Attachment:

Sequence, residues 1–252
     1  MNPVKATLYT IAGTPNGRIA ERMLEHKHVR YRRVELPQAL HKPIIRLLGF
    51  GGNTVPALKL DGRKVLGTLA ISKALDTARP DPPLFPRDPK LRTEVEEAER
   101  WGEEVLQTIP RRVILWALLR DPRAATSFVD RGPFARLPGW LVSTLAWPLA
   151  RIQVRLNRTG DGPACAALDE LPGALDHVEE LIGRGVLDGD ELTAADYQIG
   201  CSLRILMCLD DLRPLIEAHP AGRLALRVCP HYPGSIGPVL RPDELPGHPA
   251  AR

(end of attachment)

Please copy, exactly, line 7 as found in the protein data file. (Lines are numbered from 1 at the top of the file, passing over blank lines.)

   251  AR